When we launched “Filmi Filmy”, our app to bring Hindi film song videos from YouTube into a curated experience last year on iOS platform, our hunch about the latent user demand for such an app was proven immediately. We raked up 30,000 downloads in a month and were rated as the #1 new music app in India and #1 music app in Pakistan. The usage stats were awesome, 50% plus repeat visitors and over 8 minutes engagement per session. Indian diaspora from all over the world were searching, playing and enjoying the new found ability to search for Hindi film songs phonetically and enjoy clutter free viewing experience.
At Pariksha, we felt very energetic and enthusiastic. We had demonstrated that a) there was appetite for a Hindi film videos app b) users prefer the high success rate of phonetic search and c) users want convenience and simplicity and not irrelevant choices and having to make endless decisions.
With this in mind we invested further into the product. To expand our reach, we started working on an Android version and even a Windows mobile version of the app. To experiment with business models, we built an in-app purchase mechanism to allow users to save and share playlists. We would allow users to buy credit points and use that to store upto 10 songs in a playlist. Saved playlists could be retrieved from any device and could be forwarded to a friend/family member. If you wanted to impress your girl-friend and praise her eyes, you could send her a playlist with your favorite “nayan” or “nain” or “naina” songs! Playlist could be used to express feelings – just like emoticons. It was an innovation experiment to see if playlist curation could be monetized.
Interestingly, Google did not complain to Apple Store about the iOS app. It seemed that they were using their control over Play Store to block the Android app but were not sure about the infringement themselves to worry about taking it up on Apple Store.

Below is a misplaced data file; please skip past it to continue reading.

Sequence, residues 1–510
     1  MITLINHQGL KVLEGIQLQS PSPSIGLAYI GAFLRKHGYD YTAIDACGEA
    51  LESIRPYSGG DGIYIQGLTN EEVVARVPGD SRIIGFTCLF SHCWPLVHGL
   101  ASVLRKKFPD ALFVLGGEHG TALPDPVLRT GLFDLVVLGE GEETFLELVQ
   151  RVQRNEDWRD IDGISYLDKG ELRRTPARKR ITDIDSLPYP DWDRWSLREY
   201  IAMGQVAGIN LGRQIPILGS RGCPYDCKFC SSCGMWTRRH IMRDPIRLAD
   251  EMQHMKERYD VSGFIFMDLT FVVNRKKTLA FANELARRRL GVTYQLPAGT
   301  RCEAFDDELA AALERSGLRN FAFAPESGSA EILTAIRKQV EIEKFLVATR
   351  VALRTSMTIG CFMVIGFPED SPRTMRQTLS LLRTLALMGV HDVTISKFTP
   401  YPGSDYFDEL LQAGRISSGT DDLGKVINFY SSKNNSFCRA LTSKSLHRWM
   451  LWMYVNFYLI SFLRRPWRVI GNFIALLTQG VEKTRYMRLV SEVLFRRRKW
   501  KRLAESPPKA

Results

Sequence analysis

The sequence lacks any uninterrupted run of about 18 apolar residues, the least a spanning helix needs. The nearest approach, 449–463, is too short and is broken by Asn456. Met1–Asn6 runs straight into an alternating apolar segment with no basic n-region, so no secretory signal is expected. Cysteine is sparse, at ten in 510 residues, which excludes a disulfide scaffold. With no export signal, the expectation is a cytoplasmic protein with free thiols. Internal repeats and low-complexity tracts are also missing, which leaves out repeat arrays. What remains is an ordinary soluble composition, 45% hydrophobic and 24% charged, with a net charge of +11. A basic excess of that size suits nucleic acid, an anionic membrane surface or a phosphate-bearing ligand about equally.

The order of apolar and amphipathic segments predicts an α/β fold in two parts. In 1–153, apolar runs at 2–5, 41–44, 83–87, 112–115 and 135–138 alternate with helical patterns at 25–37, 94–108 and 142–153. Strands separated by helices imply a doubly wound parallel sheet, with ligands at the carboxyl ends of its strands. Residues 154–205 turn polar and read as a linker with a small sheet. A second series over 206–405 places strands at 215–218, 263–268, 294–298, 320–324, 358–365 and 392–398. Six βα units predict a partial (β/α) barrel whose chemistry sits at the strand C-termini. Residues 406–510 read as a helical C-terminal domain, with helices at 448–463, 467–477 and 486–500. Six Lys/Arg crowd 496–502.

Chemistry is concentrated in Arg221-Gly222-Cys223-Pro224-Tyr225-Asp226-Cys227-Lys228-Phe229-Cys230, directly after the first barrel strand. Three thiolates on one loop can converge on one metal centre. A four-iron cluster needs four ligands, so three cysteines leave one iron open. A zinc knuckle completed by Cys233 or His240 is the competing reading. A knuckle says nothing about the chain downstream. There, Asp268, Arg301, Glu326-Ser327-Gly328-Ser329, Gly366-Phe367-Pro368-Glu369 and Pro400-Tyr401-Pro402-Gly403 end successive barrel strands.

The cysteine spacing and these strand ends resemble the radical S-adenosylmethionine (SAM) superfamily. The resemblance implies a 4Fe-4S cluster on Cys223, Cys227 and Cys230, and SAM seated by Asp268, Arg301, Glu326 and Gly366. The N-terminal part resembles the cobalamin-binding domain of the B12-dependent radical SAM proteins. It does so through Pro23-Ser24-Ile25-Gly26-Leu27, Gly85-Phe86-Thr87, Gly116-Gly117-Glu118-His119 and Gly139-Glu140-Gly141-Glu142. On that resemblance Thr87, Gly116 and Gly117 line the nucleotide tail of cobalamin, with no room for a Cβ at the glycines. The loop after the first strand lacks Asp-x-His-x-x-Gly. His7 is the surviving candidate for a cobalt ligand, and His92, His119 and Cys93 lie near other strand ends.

The block forced us to revisit our strategy. We pulled back promotions and slowed development to try and figure out a new approach. I even tried to approach YouTube team for a potential partnership – after all, we had innovated a new way to use the video content and who best to take an innovation to the masses than a big partner. No luck here too, YouTube is happy to partner if you are a content owner but if you have better ideas than them on using the content, they don’t want to know about it.
Over the next 6 months, we let the iOS app move on its own steam. We were happy to see regular download volume, consistently high engagement metrics and a fairly regular in-app purchase behavior.
We feel that blocking our app on Android restricted our ability to test the key innovations in the large Indian market. It damaged our ability to establish playlist sharing as another “eMoji” type and restricted users from getting access to a simpler, cleaner way to see Hindi film song videos.
It also restricted YouTube’s own ability to monetize its assets. If more people used “Filmi Filmy” and we could work out a partnership to share in the monetization, everybody would benefit. Blocking the app was a loose-loose proposition while it could have been a win-win deal.
But does anyone at Google/ YouTube care? Will they care?
(Check out “Filmi Filmy” and its innovations. Download the app on iOS and Windows and let us know if you agree it provides a better experience for Hindi film song videos than any other music app out there)